MD: I do not agree with that concept, these elections are not designed to restore security and stability. The US administration has been desperate to legalise its occupation of Iraq, but it has failed so far. This mission has become an obsession for it; especially that the war on Iraq is still protested against by EU and Arab countries.
Votes for Kurdish separation were put next to parliamentary ballots

Therefore the US is trying to legitimise its existence in Iraq by bringing in an elected parliament and a government, which are fully loyal to it [US], and as such it will be able to conclude long-term agreements that secure its interests and influence in Iraq.

A: As a politician and a professor of politics, do you think that the Iraqi Sunni Arabs boycotting of the elections could put the legitimacy of the process at risk?

MD: It is wrong to say that Sunni Arabs boycotted the elections. It is an attempt to ridicule a national Iraqi position that opposes the division of the country, by labelling it as a sectarian position.

continued on alternative view page

Perhaps a belligerent and heavily armed Shi'ite Iraq to the north might conceivably lead to a crisis of confidence in seemingly moribund regimes to the south. Perhaps that sort of effect might conceivably be a "worst-case objective" for the Sunni insurgents in Iraq. I still think that Osama's offer to take command of fundamentalist Saudi forces in the north, following Saddam's invasion of Kuwait, was nothing short of inspired. Just the same, considering all of the oppressors for whom Iraqi Shi'ites have served as a trial, my thinking would be that genuine liberators would have little choice but to take the formerly oppressed at their word - and to trust in their Lord as well I would imagine.


Do Shiites want to Run The Whole Show?

What about the other almost half of the country? Or did the Shiites not heard of the Rand Corp study conducted on behalf of U.S. Defence Dept. - that advocates that Sunni, Shiite and Arab, non-Arab divides should be exploited to promote the US policy objectives in the Muslim world.

One of the primary objectives of the study was to "identify the key cleavages and fault lines among sectarian, ethnic, regional, and national lines and to assess how these cleavages generate challenges and opportunities for the United States."

My guess is that the ballots will not translate into power and the status quo will remain. That will be in line with the Rand study findings.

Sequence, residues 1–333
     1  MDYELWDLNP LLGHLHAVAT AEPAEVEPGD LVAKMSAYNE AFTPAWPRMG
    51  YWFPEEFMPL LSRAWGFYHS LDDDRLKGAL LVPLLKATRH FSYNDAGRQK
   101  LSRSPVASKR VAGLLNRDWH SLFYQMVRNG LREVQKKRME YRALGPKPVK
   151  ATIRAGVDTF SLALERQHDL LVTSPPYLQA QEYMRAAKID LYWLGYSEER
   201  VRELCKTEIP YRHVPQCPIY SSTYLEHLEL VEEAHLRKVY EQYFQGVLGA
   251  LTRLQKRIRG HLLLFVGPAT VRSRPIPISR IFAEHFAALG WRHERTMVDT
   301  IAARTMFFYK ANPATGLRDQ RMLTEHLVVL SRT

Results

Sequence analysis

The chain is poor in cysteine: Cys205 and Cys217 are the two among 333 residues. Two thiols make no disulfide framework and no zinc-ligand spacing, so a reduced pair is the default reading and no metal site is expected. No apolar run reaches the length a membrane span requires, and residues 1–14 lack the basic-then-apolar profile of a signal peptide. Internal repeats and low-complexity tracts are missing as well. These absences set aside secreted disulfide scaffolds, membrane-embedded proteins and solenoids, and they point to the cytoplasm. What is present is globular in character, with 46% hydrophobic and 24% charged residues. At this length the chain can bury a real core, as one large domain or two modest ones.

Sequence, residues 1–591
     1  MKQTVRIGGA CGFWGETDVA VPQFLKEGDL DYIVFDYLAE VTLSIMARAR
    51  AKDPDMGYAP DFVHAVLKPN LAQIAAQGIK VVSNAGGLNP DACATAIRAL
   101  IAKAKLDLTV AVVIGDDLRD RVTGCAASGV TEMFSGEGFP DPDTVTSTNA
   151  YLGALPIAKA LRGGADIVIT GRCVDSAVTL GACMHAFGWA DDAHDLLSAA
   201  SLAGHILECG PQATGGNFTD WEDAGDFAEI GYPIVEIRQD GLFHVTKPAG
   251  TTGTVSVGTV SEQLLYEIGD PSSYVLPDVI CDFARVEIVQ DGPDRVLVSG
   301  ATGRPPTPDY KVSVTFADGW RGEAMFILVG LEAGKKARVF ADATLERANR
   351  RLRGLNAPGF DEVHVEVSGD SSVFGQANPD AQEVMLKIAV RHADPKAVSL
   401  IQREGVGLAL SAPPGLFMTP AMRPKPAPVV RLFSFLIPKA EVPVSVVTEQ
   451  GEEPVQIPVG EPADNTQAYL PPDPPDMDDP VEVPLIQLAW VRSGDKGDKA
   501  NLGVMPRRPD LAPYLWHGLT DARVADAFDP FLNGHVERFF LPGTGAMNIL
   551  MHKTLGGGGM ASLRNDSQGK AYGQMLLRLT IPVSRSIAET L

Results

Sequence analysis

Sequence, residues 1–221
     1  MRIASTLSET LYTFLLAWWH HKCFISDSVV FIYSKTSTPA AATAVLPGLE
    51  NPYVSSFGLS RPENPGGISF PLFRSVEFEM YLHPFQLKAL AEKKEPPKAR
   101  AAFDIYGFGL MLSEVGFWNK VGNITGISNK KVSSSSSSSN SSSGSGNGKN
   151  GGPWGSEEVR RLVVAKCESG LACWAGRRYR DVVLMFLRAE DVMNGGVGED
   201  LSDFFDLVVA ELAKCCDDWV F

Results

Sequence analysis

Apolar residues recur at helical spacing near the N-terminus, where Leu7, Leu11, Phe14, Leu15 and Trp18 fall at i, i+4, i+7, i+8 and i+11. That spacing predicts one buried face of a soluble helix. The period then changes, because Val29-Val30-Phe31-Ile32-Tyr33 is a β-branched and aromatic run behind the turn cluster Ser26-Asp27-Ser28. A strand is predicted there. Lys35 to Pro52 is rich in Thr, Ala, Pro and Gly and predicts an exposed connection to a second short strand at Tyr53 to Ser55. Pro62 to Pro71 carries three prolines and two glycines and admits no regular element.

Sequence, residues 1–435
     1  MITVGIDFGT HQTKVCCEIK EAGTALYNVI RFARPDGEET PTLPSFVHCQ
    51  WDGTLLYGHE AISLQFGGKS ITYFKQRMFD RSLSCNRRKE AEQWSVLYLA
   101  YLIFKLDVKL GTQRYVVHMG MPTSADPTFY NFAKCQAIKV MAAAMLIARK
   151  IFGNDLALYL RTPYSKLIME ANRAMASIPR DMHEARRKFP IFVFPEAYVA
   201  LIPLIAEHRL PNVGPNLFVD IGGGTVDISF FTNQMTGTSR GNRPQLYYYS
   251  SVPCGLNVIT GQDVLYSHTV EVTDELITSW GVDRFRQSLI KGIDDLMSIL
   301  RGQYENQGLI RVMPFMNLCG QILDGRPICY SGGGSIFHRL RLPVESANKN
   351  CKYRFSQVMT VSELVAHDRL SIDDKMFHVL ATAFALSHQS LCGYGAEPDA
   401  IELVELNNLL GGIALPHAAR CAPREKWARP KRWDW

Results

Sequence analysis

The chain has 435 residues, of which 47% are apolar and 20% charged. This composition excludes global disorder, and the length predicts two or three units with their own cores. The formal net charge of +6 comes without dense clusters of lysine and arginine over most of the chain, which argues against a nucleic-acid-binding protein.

That may suit the Bushites but not Iraqis.

Can you be any more pesimistic about this?! Are you going to
contineu to dishonor the Iraqi police who have been killed and
other Iraqi officials and civilians who have lived to see an
electtion day come? Will you continue to dishonor the other
soldiers who died trying to make this election a reality? There
are no "buts" here. Count the number of Irraqi men and women
who stood in line, risking their lives, in order to vote. Look at
that. The election was a success and the Iraqi people and the
military deserve credit. Allawy is working to include all, Sunnis,
Shi'ites and Kurds to be part of the government.

There is a long history of U.S. involvement in the outcome of foreign elections.

The election in Iraq is as predictable as they were recently in Afghanistan. Most of the American handpicked self-perpetuating sycophants know about their victory even before the polls opened

Under these circumstances, the so-called new Iraqi government will be a fiasco. This is what the U.S. wants because it can stay in Iraqi for years, all the time claiming that a bunch of buffoons are running the show and they have to ensure stability.

Since the formation of an interim Iraqi government by the U.S., there has been not one policy statement, nor has there been one act of governing. No economic programs. No foreign affairs statements. No health care programs. No planning for the infrastructure. In other words, the stooges have just gone to their offices and meeting rooms and have done nothing.

Again, this just lengthens the time that the U.S. will stay in the country and run the show. And, it increases the number of deaths that will occur at the hands of the resistance. And under such circumstances, these elections have brought more chaos and division amongst Iraqis than unity and hope.


The Empire Has No Clothes indeed